Selling The Drama

Selling the Drama: The Fight Never Lives Up to the Hype


In the wake of UFC 114, a lot of the commentary coming off the internet has been about how the event as a whole was boring and how the much-hyped main event failed to live up to expectations. Hearing people complain about the action and outcome of Rashad Evans’ win over Quinton Jackson has made me want to stop being a fight fan…at least for a couple minutes.

To all those disappointed fans, I ask the following: what did you expect?

It’s time that people realize that the fight is never going to live up to the hype, for a multitude of reasons, and it’s not the fighters who are to blame for unrealistic expectations not being met.

First and foremost, anyone who believed that Rashad Evans was going to walk into the center of the Octagon and spend 15 minutes exchanging uppercuts with Quinton Jackson needs to give their head a shake.

Just as Josh Koscheck said he was going to knock Paul Daley out before he walked into the cage and dominated him on the ground for three rounds, Evans has always and will always play to his strengths, no matter what is said before a fight.

Secondly, after years of boxing, professional wrestling and MMA, how do people still not understand the nature of pre-fight hype? No matter what arena is being occupied, pre-fight trash talk is designed to draw your interest and get your butt in the seats or watching from the comfort of your living room on pay-per-view. It’s a vehicle for building excitement and it worked perfectly for this contest.

Less people would have been excited about this clash if Evans came out and said how he was going to utilize his wrestling to avoid getting tagged by Jackson’s powerful punches. In fact, there probably would have been some pre-fight backlash against wrestling, dastardly fundamental base that it is. Instead, you push the rivalry, push the heat and talk about knocking each other out. Both Evans and Jackson played the pre-fight hype game perfectly, and are probably richer for it today.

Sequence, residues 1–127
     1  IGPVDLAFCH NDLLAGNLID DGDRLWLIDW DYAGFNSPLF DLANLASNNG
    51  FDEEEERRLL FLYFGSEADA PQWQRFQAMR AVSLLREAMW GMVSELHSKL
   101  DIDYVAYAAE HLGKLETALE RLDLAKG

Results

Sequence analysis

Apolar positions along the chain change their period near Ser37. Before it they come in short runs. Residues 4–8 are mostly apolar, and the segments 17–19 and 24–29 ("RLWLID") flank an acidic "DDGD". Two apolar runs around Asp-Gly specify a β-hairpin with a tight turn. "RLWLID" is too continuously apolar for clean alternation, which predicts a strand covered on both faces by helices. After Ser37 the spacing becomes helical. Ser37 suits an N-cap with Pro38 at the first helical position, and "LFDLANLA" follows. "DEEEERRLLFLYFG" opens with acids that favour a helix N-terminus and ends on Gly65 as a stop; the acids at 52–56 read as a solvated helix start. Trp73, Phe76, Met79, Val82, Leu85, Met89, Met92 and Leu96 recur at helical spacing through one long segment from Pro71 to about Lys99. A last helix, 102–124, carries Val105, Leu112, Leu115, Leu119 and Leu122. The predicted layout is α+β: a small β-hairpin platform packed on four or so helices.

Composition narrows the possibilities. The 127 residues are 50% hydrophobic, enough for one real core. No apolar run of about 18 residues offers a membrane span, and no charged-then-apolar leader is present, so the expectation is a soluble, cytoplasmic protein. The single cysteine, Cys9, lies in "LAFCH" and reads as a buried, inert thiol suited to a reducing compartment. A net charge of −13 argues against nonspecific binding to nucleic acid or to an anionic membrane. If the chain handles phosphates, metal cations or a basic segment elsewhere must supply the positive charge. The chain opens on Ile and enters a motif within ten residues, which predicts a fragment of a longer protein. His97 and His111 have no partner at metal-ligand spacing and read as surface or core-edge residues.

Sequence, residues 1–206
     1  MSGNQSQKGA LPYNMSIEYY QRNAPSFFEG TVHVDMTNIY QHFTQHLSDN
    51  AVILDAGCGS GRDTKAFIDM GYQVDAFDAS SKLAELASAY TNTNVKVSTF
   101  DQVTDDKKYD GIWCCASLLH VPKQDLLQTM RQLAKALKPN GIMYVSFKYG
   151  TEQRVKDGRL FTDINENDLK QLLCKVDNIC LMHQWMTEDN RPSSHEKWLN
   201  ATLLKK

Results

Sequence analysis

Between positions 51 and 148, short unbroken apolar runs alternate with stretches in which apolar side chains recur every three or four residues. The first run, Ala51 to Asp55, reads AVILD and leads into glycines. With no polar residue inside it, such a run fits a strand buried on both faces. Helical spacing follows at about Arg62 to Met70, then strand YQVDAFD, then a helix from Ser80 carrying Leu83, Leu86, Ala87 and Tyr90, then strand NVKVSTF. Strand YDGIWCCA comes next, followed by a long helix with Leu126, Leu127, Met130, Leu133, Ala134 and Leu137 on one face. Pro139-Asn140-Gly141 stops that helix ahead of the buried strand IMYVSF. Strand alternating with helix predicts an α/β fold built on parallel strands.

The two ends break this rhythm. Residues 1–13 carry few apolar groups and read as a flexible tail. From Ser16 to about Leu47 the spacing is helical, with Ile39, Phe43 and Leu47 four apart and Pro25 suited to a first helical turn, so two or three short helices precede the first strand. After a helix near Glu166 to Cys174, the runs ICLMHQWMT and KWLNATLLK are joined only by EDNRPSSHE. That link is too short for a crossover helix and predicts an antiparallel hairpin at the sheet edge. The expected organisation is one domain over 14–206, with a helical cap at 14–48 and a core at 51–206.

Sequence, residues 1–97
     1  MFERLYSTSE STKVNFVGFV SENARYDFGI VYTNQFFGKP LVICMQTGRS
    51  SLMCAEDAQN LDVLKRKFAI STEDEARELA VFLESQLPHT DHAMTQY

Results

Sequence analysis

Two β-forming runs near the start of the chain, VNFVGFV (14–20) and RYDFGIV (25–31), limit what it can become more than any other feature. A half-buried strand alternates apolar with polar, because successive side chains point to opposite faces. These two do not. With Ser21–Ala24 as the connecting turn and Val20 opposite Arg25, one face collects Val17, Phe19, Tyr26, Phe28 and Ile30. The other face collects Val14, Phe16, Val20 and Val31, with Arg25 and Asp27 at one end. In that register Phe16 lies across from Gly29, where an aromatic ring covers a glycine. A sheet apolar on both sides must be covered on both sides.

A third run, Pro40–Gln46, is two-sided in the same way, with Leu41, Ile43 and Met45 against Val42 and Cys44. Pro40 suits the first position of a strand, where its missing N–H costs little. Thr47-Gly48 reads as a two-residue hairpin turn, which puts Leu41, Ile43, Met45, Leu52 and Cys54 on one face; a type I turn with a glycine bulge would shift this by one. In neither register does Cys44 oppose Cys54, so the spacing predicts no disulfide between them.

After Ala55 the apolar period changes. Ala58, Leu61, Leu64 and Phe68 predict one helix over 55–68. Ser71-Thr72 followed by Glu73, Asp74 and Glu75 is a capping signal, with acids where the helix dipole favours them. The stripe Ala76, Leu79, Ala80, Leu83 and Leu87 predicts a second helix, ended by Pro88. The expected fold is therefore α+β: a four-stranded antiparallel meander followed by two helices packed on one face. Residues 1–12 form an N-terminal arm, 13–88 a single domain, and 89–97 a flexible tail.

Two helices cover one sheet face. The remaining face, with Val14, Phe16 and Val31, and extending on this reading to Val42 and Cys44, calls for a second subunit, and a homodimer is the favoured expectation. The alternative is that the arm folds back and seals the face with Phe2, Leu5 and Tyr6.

Lastly, to the fans who are annoyed at what they perceived as a lack of action and overall boring fight, I quote Dana White: “If you don’t like it, don’t watch.” Seriously.

This was a pretty damn good fight, and while it failed to reach Leonard Garcia vs. Chan Sung Jung levels of knuckle-chucking, not every fight is going to be an absolute barnburner. That is what makes those encounters so epic, and just because a ridiculously over-hyped fight didn’t produce 15 minutes of fury doesn’t mean that it was boring.

Wrestling is a part of the sport, and right now, it is the dominant discipline. All the fans who are sick of seeing one guy take down the other or press him up against the cage and tire him out better get used to it or change sports, because it’s not going anywhere.

This isn’t boxing; the two combatants aren’t always going to circle each other looking for the knockout. That’s just not how it works. They’re also not going to deliver on the over-the-top promises and expertly edited hype that is fed to the fans before each event.

Dan Hardy didn’t knock out Georges St-Pierre, Josh Koscheck didn’t stand-and-trade with Paul Daley, and Rashad Evans didn’t get into a firefight with Quinton Jackson. How anyone is shocked and appalled by this is beyond me.

I’m sorry if you expected any or all of those things to come true. Maybe I just have different expectations than everyone else. Or maybe I just listened to way more Public Enemy back in the day and heeded the words of Chuck D and Flavor Flav…

Don’t believe the hype.

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